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anne mikolay 2012 120On Thursday, September 29th, New Jersey Transit train no. 1614 on the Pascack Valley Line crashed into Hoboken terminal, killing one commuter and injuring approximately 108, including the engineer at the controls. Bystanders rushed to assist. First responders were on the scene within minutes. Media descended upon the terminal.

A few observations on human reaction and media coverage: New Jersey/New York commuters were actively compassionate; media was informative if not repetitive.

New Jerseyans and New Yorkers are closely related. We live together, work together. The New York/New Jersey mindset is often difficult for visitors to accept. The city is fast paced; we are always on the move. We walk fast, talk fast, weave in and out of traffic until we get where we’re going. We are undeterred, focused; nothing slows us down. Generally, we’re not cheery, smiling people. In fact, if somebody gets on the train grinning, wishing folks a good morning or a nice day, the synonym “weird” promptly comes to mind, and we hardly look up from our cell phones. But toss us into a crisis, and we come together. The world witnessed our solidarity on 9/11, and yesterday, once again, New Jersey/New York proved that humanitarianism is at the core of who we are. Passengers on New Jersey Transit train no. 1614 united to assist the injured and help each other escape the train. Compassionate bystanders in the Hoboken terminal risked their own safety and rushed toward the crash site rather than in the other direction. Local merchants supplied coffee, food, shelter for first responders. In a moment of dire need, nobody was rejected due to race, religion, or political affiliation, proving once again that New Jerseyans and New Yorkers are generous, decent human beings.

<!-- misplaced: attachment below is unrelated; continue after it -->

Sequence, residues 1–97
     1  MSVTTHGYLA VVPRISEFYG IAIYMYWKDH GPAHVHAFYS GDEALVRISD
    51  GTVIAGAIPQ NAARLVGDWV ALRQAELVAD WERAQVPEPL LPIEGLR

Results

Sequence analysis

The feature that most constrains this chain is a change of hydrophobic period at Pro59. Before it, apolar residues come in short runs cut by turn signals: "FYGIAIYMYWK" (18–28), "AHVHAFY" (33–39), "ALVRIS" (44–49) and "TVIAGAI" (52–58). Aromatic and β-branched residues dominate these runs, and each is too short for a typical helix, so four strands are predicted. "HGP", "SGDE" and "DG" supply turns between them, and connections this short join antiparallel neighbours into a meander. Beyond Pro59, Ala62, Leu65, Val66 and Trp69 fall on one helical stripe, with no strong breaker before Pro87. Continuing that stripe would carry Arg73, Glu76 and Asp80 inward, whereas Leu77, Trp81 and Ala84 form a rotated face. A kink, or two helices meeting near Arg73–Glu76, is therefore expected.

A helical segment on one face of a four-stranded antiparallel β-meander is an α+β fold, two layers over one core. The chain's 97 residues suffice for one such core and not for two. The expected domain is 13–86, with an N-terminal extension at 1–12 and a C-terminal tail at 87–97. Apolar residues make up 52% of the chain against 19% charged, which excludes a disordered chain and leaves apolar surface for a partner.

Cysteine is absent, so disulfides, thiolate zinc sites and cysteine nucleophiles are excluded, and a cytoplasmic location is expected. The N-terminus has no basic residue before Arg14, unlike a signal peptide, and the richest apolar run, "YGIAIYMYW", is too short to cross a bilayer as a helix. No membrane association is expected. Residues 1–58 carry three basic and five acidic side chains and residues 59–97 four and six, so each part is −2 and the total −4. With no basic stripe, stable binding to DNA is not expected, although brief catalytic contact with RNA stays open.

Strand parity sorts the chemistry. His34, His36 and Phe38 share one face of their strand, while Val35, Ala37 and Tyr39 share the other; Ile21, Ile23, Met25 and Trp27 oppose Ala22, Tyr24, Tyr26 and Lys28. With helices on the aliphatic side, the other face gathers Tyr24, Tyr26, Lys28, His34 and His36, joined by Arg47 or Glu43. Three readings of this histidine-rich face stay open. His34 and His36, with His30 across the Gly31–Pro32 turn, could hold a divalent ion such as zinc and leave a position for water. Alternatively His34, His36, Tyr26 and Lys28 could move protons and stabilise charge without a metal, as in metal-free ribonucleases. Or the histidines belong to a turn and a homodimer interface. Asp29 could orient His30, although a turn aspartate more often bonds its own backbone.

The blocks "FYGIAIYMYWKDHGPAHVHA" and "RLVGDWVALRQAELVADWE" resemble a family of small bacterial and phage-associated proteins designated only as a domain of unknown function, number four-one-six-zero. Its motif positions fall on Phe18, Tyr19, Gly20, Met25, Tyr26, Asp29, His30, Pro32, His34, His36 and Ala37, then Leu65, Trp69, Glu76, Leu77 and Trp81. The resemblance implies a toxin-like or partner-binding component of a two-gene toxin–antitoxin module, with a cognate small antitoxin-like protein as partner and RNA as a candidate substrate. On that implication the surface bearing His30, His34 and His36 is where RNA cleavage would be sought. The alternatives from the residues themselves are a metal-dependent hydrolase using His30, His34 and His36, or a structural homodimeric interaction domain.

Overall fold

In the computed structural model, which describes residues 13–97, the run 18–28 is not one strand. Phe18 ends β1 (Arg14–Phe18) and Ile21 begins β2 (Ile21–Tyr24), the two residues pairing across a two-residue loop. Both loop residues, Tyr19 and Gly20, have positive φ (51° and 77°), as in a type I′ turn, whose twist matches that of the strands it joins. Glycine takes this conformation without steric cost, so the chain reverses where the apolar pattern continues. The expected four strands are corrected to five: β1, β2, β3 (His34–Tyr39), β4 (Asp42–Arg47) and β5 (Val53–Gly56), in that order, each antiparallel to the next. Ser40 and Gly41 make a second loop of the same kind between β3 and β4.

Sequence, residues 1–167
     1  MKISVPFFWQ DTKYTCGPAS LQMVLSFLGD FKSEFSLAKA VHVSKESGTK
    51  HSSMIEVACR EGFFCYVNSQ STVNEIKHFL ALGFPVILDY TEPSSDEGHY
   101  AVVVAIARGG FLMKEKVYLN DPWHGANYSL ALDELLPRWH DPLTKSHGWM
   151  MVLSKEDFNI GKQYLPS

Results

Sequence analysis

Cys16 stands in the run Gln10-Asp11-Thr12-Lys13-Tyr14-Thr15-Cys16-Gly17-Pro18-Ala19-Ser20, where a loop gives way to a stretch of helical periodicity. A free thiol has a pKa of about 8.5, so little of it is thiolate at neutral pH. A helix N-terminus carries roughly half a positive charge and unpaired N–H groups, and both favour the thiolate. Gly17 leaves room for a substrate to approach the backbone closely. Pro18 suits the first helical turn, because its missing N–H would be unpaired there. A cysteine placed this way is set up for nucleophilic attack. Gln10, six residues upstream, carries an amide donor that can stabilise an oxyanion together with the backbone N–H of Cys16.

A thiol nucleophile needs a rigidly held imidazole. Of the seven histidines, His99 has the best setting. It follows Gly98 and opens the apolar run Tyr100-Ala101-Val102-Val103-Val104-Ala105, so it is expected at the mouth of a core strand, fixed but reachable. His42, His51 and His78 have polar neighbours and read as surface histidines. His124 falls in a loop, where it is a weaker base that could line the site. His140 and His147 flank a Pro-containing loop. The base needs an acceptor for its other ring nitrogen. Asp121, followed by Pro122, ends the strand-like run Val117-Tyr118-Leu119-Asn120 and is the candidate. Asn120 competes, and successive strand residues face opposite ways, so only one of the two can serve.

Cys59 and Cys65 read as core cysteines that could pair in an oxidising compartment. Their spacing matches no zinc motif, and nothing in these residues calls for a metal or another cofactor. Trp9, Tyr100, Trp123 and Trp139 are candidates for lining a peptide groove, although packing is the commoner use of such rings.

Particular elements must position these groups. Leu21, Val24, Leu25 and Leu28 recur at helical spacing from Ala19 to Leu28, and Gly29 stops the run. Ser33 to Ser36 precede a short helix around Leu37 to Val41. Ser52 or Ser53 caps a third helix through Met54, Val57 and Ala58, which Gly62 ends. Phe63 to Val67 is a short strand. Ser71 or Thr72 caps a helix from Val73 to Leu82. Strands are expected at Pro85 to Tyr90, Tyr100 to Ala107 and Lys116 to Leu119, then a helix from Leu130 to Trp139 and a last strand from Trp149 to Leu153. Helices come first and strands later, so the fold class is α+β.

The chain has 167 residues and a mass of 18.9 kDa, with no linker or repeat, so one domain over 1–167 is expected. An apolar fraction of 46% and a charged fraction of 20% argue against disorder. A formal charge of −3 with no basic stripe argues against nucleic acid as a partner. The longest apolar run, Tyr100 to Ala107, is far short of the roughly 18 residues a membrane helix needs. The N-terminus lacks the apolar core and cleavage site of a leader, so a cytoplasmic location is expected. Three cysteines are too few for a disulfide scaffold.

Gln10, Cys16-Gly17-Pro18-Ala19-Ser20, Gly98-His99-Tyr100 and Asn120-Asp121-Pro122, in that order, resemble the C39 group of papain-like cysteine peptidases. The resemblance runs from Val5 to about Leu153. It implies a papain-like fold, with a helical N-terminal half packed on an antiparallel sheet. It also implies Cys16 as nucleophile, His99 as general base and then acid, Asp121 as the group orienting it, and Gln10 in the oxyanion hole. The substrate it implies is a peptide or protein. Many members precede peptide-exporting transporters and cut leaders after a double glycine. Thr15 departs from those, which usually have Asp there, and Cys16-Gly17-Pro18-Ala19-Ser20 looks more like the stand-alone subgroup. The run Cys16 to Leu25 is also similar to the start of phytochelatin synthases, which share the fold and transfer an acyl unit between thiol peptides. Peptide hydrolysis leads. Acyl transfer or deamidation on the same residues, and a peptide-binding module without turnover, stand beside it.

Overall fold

And the media proved once more that they can report on a crisis in a timely, informative manner...over and over and over again. In this age of 24 hour news reporting, commentators and reporters are forced to fill the excessive air time with repetitive details and observations. As a viewer, once I learn who, what, when, where, how, I can retain the information and do not need to hear it again and again. And I will never understand why reporters at news briefings ask questions the government representative specifically addressed in their statement. Perhaps the reporter is seeking clarification or a direct quote from the representative, but asking the NTSB official or Governors Christie and Cuomo the same questions over and over is pointless. Admittedly, I’ve written only human interest pieces for newspapers and have never done straight news reporting, but to me redundancy reduces reporting to nothing more than background noise.

The events of September 29th are tragic to be sure, but if a silver lining is to be found, it’s the compassion and resilience of New Jerseyans and New Yorkers, who once more proved when the going gets tough, they come together.